Actually what's happening is that the moon is getting farther away from the earth, gaining orbital velocity at the cost of earth's rotational velocity.

The source of energy is actually the earth's rotational energy [wikipedia.org] , of which there is quite a bit.

Free energy until... (0)

Anonymous Coward | more than 4 years ago | (#32115710)

So we have free energy until the moon crashes into the earth. I highly doubt that anything we are doing to suck that energy up is actually accelerating the process.

Re:Stupid question, but one that's always bugged m (1, Informative)

Anonymous Coward | more than 4 years ago | (#32115896)

If moon is doing the tide then how come there's high tide 2 times a month.

So actually sun contributes at least as much as the moon or a bit more. And the interference max of those is the high tide.

But earths rotation and continents actually make it meaningful.

Re:Stupid question, but one that's always bugged m (1)

Chris Burke (6130) | more than 4 years ago | (#32116012)

If moon is doing the tide then how come there's high tide 2 times a month.

So actually sun contributes at least as much as the moon or a bit more.

No, the sun's effect is about half that of the moon. Though that's still significant.

But earths rotation and continents actually make it meaningful.

Earth's rotation is where the energy is actually coming from. It's why the earth is slowly losing rotational velocity to the tune of about ~15 microsecond longer day per year

Re:Stupid question, but one that's always bugged m (1)

HeckRuler (1369601) | more than 4 years ago | (#32116240)

Yur gul-durned tidal power is throwin off me coal-fi'ed atomic clock! Ain't chou hippies ever tink 'bout keepin proper TIME!

Re:Stupid question, but one that's always bugged m (1)

Chris Burke (6130) | more than 4 years ago | (#32116394)

Not my fault. If you'd power your atomic clock with a renewable energy source, like hamsters or grad students, then you wouldn't have this problem!

Re:Stupid question, but one that's always bugged m (1)

pclminion (145572) | more than 4 years ago | (#32116320)

If moon is doing the tide then how come there's high tide 2 times a month.

I assume you meant two times per day? That's because the moon raises tidal bulges on both the near and far sides of the earth. Thus, as the earth turns, you pass under these bulges roughly twice per day. That's essentially the exact definition of a "tidal effect."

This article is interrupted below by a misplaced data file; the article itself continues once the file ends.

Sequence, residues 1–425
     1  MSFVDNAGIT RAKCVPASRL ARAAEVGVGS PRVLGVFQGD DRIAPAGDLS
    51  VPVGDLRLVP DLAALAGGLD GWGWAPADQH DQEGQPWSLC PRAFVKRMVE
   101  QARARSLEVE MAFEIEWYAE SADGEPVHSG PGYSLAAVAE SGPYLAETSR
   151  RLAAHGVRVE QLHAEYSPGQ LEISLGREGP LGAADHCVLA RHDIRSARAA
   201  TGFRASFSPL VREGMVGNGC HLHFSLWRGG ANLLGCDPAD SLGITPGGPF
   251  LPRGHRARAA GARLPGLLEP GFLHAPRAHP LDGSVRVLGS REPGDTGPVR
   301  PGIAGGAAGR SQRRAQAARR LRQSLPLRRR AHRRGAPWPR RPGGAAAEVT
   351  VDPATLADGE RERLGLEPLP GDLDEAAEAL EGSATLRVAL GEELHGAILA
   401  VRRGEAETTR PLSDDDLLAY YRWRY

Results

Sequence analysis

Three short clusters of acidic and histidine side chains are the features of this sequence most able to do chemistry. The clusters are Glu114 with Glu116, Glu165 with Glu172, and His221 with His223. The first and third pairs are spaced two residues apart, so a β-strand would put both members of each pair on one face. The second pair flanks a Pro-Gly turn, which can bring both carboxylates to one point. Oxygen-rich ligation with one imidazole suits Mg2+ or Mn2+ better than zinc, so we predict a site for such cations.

It's not like the moon pulls water away on the near side and does nothing on the far side. The tidal effect is caused by the differential of the moon's gravity across the earth's volume. This has a "squashing" effect.

Re:Stupid question, but one that's always bugged m (1)

tompaulco (629533) | more than 4 years ago | (#32116264)

He also mentioned the wind, which is ultimately an effect of the sun heating different sections of the Earth to different degrees.

Re:Stupid question, but one that's always bugged m (2, Insightful)

NeutronCowboy (896098) | more than 4 years ago | (#32115798)

Wind farms are unlikely to stop the wind. Wind is a byproduct of temperature differentials, and as such, as long as the earth isn't exactly the same temperature everywhere all the time, there will be wind.
Tidal farms, on the other hand, I don't know. Tides are due to the difference in gravitational fields at different points on the earth. As such, the tidal energy comes from the Sun's and the moon's gravitational field. Since neither the sun nor the moon are losing mass through the use of tide turbines, what has to change is the distance between the sun, moon and earth. Somehow, I think the time scales on which this becomes a problem are large enough that we'll have entirely different problems then.

The only real problem I can see with tidal turbines is that if they are large enough, they will restrict the flow of the tides, and tides will become less pronounced - which will have an immediate impact on any tidal areas. And since tidal areas and shallow bays are pretty much where the food chains for a lot of marine animals reside, this could be a real problem. But again, it would have to be something on the scale of putting turbines across the entire straight of Gibraltar, and reducing the flow to near zero. Unlikely to happen, but not impossible.

Re:Stupid question, but one that's always bugged m (2, Informative)

Bearhouse (1034238) | more than 4 years ago | (#32115814)

Is it possible to exhaust the wind or sea's natural momentum, if there is such a thing? Where does the energy ultimately come from? In other words, is it theoretically possible to have so many wind farms (or, in this case, tide farms) that the atmosphere becomes still?

(captcha: "universe". heh.)

I think we're OK for a while. There's many 'renewable' energy sources that can, and are, being tapped, and we're nowhere near extracting any significant fraction of them so far:
1. Tides, as in this article, come from the sun & moon interacting with the earth; http://en.wikipedia.org/wiki/Tides [wikipedia.org]
2. Sunlight; there's plenty to spare: http://en.wikipedia.org/wiki/Solar_energy [wikipedia.org] "Solar radiation, along with secondary solar-powered resources such as wind and wave power, hydroelectricity and biomass, account for most of the available renewable energy on earth. Only a minuscule fraction of the available solar energy is used."